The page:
The way that the RADIUS server configuration relates to all subscriber management configuration tasks is shown in the picture below.

ngaccess cli2 radius server
Figure 9. RADIUS Server Configuration
2.2.5.1. Configuring the RADIUS Server
supervisor@switch: cfg> show config access radius-server
  <server-name>         Name of the RADIUS server

supervisor@switch: cfg> show config access radius-server radius-server-1
  <cr>
  accounting             RADIUS accounting mode
  address                RADIUS server address
  authentication         RADIUS authentication mode
  coa                    RADIUS Change-of-Authorization (CoA) mode
  rate                   Maximum RADIUS requests per/second
  routing-instance       Instance name
  secret-encrypted-text  RADIUS secret in encrypted text
  secret-plain-text      RADIUS secret in plain text
  source-address         Source address used for RADIUS packets

The following example shows a typical …​

supervisor@switch: cfg> show config access radius-server radius-server-1
{
  "rtbrick-config:radius-server": {
    "server-name": "radius-server-1",
    "address": "100.0.0.1",
    "source-address": "1.1.1.1",
    "secret-encrypted-text": "$21e4946e31b406de98b3077aef03ed5a7",
    "authentication": {
      "enable": "true"
    },
    "accounting": {
      "enable": "true"
    },
    "coa": {
      "enable": "true"
    }
  }
}
Attribute Description

address

RADIUS server IPv4 address.

source-address

Local source IPv4 address.

routing-instance

The routing instance in which the RADIUS server is reachable.

secret-encrypted-text

secret-plain-text

RADIUS secret which can be provided as plaintext or already encrypted text.

rate

Maximum RADIUS requests per second. Default: 600 Range: 1 - 65535

2.2.5.2. Configuring Authentication
supervisor@switch: cfg> set access radius-server radius-server-1 authentication
  <cr>
  enable                Enable RADIUS authentication
  outstanding           Maximum number of outstanding authentication requests
  port                  RADIUS server authentication port
  retry                 Maximum retries for authentication request packets
  timeout               Authentication request timeout in seconds
Attribute Description

enable

Enable RADIUS authentication.

Default: false

port

RADIUS authentication port.

Default: 1812 Range: 1 - 65535

retry

This options specifies the number of authentication retries before declaring this server as unreachable for authentication. After reaching the limit the client begins to send requests to other RADIUS servers and rejects the request after receiving the end of the list.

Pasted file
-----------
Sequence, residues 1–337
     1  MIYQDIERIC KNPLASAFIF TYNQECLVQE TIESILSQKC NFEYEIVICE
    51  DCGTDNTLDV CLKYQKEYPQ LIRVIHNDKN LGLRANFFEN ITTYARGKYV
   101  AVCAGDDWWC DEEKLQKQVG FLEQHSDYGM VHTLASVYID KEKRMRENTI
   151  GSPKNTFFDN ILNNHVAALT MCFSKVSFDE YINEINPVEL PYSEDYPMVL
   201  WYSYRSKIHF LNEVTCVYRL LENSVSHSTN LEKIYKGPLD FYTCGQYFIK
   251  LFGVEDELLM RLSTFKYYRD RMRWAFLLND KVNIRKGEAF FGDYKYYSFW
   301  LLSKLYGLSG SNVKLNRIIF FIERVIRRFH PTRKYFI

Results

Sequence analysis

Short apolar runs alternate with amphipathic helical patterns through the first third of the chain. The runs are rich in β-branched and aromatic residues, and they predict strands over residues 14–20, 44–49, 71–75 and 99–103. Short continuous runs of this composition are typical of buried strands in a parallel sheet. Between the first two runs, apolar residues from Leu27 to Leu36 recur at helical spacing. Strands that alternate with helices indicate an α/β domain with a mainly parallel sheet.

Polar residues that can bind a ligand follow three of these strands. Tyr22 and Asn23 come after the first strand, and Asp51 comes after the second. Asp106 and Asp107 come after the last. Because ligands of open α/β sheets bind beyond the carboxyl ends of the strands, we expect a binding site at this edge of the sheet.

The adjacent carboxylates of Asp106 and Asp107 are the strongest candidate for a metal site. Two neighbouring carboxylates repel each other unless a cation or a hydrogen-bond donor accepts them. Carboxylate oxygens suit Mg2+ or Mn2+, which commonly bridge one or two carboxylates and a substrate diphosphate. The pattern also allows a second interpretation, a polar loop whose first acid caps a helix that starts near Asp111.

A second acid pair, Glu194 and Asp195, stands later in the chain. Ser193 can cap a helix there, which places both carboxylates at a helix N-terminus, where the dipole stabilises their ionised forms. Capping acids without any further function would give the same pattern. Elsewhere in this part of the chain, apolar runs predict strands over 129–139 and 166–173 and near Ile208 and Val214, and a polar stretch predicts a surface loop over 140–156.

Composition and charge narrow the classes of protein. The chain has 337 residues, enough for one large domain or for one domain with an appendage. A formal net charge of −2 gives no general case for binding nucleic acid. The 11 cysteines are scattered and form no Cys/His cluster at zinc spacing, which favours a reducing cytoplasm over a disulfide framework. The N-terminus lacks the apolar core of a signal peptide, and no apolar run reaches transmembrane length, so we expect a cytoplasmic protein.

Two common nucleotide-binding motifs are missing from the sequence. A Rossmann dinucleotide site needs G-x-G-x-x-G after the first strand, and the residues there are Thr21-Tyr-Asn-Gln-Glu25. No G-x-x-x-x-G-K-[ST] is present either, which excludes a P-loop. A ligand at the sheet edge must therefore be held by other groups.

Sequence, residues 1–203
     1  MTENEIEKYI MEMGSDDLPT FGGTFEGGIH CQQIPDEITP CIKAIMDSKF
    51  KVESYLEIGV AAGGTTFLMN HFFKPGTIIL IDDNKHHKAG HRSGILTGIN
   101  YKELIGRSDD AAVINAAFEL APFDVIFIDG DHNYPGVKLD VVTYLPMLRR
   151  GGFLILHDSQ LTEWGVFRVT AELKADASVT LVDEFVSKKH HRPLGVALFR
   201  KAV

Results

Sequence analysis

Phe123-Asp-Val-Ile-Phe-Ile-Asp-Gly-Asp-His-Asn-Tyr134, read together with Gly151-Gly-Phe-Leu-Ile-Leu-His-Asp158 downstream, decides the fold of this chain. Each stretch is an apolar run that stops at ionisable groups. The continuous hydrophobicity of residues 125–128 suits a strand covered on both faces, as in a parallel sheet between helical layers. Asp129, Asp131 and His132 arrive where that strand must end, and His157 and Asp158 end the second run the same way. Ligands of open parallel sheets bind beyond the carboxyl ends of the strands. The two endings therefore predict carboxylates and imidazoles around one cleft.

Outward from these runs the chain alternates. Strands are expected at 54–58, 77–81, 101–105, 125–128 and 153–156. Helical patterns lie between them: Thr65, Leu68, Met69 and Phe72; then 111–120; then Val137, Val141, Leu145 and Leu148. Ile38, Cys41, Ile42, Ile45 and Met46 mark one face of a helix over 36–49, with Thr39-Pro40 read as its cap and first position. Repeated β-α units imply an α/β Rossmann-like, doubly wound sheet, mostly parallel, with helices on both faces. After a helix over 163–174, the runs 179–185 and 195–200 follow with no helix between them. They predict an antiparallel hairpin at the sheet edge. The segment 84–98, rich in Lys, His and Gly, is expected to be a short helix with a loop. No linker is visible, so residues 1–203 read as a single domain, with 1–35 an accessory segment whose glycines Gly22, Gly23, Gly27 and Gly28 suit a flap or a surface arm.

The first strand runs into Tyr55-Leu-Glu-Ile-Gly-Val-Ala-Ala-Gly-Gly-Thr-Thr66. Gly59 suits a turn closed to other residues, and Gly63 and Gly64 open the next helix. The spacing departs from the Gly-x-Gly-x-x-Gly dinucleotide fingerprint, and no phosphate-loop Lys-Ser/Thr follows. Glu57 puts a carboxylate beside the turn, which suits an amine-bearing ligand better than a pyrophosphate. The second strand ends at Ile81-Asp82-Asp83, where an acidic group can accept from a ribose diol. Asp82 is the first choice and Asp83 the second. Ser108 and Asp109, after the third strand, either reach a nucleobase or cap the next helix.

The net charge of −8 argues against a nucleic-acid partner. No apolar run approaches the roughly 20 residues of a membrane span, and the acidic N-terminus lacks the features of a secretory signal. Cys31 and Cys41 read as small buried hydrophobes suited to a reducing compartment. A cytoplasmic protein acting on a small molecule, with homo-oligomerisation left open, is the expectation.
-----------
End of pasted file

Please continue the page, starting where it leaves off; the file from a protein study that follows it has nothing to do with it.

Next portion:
Default: 3

timeout

Authentication request timeout in seconds.

Default: 5 Range: 1 - 65535

outstanding

This options specifies the maximum number of outstanding authentication requests for this RADIUS server. A request is counted as outstanding if sent out but response is not received.

Default: 100 Range: 1 - 65535

2.2.5.3. Configuring Accounting
supervisor@switch: cfg> set access radius-server radius-server-1 accounting
  <cr>
  enable                Enable RADIUS accounting
  outstanding           Maximum number of outstanding accounting requests
  port                  RADIUS server accounting port
  retry                 Maximum retries for accounting request packets
  timeout               Accounting request timeout in seconds
Attribute Description

enable

Enable RADIUS accounting.

Default: false

port

RADIUS authentication port.

Default: 1813 Range: 1 - 65535

retry

This options specifies the number of accounting retries before declaring this server as unreachable for accounting. After reaching the limit the client begins to send requests to other RADIUS servers.

Default: 10

timeout

Authentication request timeout in seconds.

Default: 30 Range: 1 - 65535

outstanding

This options specifies the maximum number of outstanding accounting requests for this RADIUS server. A request is counted as outstanding if sent out but response is not received.

Default: 100 Range: 1 - 65535

2.2.5.4. Configuring Change-of-Authorization (CoA)
supervisor@switch: cfg> set access radius-server radius-server-1 coa
  <cr>
  enable                Enable Change-of-Authorization (CoA)
  port                  Local RADIUS CoA port
Attribute Description

enable

Enable receive of RADIUS CoA requests from this server.

Default: false

port

RADIUS CoA port.

Default: 3799 Range: 1 - 65535

2.2.6. Service Profile Configuration

Service profile configuration is an optional step in subscriber management configuration which allows to assign QoS or IGMP configurations to a subscriber.

The way that the service profile configuration relates to all subscriber management configuration tasks is shown in the picture below.

ngaccess cli2 service profile
Figure 10. Service Profile Configuration
2.2.6.1. Configuring the Service Profile
supervisor@switch: cfg> set access service-profile
  <profile-name>        Name of the service profile

supervisor@switch: cfg> set access service-profile iptv
  <cr>
  igmp                  IGMP related attributes
  qos                   QoS related attributes

The following example shows a typical service profile for subscribers with IPTV (multicast) services.

supervisor@switch: cfg> show config access service-profile iptv